PAUL NEWELL: Having kids: Not ideal on the day you have your laminate flooring fitted...

Laminate flooring (WikiMedia: labeled for reuse): Our first child decided to enter the world on the day we had laminate flooring fitted
Laminate flooring (WikiMedia: labeled for reuse): Our first child decided to enter the world on the day we had laminate flooring fitted

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The millennium bisected two of the happiest days of my life – namely the births of my children, James and Charlotte, in 1999 and 2001 respectively.

I remember well the preparation and anticipation of the new arrival and the frantic decorating to get everything ready.

When James was on his way, there was also the feeling of trepidation of the unknown, which is no doubt usual for first time parents-to-be. Typically, he chose the most inopportune moment to enter the world. At the time we were having laminate flooring put down throughout the house as we thought it would be easier to clean once the baby had arrived.

I was at work in Whiteley and got the call to come home as the labour pains had started. The look on the faces of the two guys laying the floor when we said we had to leave because the baby coming was a picture.

We made the dash to St Mary’s Hospital, only to return home a couple of hours later as nothing was happening. However, an hour or so later we were back at the hospital again and were there for the duration. I had packed a survival kit of a newspaper and a packet of bourbons which lasted about an hour of the eight it took for James to enter the world at 1am. I then had to find a payphone to let the new grandparents know before getting home at 4am. The laminate floor was finished.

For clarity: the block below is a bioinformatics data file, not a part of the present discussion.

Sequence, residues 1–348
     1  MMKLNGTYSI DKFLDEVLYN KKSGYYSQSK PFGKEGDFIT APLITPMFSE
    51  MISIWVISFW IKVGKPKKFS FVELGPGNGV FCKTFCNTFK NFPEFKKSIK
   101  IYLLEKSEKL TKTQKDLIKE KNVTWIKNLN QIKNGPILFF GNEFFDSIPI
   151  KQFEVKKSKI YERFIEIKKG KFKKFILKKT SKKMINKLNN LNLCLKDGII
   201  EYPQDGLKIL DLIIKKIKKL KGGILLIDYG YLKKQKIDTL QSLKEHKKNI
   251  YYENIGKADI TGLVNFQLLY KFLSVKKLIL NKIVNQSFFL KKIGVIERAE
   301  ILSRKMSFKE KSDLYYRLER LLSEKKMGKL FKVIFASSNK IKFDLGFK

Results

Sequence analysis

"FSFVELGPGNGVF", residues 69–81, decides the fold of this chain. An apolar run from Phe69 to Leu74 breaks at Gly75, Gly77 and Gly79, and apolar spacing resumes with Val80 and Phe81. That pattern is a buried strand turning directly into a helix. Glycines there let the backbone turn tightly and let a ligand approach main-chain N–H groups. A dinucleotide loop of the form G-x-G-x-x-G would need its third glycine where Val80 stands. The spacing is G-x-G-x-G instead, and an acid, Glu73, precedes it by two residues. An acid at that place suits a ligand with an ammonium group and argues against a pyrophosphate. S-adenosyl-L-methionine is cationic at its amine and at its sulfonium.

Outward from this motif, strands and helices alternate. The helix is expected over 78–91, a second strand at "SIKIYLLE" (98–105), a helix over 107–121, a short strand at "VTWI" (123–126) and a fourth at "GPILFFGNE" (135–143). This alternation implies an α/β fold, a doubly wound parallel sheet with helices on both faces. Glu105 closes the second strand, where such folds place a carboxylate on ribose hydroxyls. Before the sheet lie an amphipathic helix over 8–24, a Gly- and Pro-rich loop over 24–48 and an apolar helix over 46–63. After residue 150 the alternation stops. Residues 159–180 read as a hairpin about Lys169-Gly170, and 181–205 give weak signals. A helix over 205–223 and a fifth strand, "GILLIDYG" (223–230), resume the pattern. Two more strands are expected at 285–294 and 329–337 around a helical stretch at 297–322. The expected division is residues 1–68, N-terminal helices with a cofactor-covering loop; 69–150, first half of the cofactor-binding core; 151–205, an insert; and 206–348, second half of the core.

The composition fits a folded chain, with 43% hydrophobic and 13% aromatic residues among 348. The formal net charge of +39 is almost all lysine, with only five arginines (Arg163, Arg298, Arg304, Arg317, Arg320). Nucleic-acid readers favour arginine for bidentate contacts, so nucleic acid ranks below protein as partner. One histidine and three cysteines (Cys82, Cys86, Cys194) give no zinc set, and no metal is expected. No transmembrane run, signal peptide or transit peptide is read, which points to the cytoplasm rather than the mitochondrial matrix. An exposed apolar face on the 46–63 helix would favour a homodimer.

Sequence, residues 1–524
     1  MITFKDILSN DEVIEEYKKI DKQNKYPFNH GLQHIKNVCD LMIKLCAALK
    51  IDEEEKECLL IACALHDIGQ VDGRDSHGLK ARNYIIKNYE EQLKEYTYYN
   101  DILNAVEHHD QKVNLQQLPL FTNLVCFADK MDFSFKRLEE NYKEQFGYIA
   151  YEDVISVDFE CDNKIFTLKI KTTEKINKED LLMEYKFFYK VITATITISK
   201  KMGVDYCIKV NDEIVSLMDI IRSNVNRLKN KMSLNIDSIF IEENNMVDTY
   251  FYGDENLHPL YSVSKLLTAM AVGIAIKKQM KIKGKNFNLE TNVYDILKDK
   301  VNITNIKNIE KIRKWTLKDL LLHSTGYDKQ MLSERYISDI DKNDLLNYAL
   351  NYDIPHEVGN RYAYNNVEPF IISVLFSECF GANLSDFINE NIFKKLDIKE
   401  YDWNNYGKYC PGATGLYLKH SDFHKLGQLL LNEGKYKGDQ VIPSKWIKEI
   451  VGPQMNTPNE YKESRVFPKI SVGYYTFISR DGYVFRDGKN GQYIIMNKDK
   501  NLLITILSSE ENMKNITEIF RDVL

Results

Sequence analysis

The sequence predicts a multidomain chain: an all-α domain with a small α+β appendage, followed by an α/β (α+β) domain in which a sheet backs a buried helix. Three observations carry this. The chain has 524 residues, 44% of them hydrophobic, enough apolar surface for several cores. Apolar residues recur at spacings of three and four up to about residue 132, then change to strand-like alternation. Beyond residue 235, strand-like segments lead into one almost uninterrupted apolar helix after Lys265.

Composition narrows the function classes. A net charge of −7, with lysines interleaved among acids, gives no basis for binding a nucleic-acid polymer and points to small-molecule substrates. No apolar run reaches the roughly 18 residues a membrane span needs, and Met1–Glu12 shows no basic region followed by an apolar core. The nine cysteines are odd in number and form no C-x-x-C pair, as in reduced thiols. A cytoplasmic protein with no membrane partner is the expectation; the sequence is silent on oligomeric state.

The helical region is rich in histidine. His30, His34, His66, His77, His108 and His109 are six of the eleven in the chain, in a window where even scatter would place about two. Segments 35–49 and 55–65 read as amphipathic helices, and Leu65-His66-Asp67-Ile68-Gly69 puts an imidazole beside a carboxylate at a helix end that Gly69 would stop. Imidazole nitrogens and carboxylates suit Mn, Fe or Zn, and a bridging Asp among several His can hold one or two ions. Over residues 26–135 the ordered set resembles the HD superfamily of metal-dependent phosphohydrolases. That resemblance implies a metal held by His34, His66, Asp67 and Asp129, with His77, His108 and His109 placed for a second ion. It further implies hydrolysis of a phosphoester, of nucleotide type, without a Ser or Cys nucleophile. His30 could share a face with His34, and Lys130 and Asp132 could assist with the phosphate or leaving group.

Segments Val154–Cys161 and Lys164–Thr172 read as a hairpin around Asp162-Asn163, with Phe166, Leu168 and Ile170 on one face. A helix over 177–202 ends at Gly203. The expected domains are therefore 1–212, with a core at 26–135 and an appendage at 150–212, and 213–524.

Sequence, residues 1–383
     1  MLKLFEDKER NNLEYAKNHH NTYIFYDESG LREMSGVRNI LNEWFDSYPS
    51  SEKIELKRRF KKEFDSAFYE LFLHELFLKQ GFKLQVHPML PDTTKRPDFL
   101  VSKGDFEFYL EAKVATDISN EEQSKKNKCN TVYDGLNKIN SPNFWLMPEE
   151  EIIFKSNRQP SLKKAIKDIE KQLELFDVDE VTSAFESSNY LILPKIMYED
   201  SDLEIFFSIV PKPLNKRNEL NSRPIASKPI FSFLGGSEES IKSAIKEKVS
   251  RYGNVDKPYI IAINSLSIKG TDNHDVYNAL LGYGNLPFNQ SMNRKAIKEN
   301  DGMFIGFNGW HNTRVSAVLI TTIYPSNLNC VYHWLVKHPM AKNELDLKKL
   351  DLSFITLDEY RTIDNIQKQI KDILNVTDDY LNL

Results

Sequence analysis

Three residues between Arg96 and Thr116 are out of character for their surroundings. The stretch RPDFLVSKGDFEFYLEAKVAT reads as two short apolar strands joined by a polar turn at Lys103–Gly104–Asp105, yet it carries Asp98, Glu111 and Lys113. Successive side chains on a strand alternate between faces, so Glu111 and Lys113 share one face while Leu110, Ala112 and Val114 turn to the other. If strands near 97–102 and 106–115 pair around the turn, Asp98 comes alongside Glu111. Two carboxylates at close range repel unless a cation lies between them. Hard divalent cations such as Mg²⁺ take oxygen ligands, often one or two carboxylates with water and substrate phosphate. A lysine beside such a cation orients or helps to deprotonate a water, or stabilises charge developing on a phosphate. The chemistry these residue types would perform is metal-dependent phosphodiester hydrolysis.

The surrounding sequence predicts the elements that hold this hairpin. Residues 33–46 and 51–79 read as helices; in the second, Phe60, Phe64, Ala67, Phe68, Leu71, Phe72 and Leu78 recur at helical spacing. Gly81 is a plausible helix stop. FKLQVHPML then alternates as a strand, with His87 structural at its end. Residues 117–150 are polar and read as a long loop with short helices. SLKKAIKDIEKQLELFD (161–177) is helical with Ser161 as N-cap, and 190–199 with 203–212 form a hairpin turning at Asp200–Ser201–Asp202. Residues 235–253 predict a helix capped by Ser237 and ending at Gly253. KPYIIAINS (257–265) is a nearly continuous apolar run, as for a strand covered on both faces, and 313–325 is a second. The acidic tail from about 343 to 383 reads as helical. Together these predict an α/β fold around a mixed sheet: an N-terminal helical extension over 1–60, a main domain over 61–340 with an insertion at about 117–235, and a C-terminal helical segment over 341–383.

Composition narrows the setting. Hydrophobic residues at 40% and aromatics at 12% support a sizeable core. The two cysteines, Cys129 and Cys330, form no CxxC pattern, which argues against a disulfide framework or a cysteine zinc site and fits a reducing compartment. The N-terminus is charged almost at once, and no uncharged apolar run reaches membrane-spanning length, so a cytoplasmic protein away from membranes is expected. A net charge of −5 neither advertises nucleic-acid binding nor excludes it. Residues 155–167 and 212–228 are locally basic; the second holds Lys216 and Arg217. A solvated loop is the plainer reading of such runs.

The next morning I went back to the hospital to be met by eager grandparents wanting to meet their first grandchild. They congregated in the waiting room while I went off to find mother and baby. He was being bathed so we got him ready and I proudly carried him to the room. I was immediately berated by the nurse who rightly said I should have pushed him in the wheeled cot. Lesson learned.

Charlotte was in more of a hurry. I was working at Basingstoke at the time and I got the call while I was in the middle of conducting an interview. I also didn’t have a car that day but managed to catch somebody who was leaving and heading in my direction to give me a lift.

Everything happened so quickly. One minute mum-to-be and granny were sitting in the garden eating strawberries, the next minute an ambulance was called and they were on their way to St Mary’s. James had to be left with the neighbour until I got home. I believe the blue light was called because there was a real chance Charlotte was going to be born in the ambulance and then on the grass verge outside the hospital. Very dignified.

I got home, jumped in the car and headed to the hospital. I ran to the ward and burst in and there was granny standing, holding the baby. In all the excitement, I didn’t even know the sex of the baby as it was handed to me. I think the whole labour lasted less than half-an-hour. Charlotte was obviously very impatient or didn’t like strawberries.

I took James in to meet his new sister and he was curious, more so of the controls on the bed than his sister. He was a bit confused as to why she was called Charlotte as the bump had been referred to as Gladys during the pregnancy. He couldn’t say Charlotte properly so called her Louie – a name that still sticks today.

PAUL NEWELL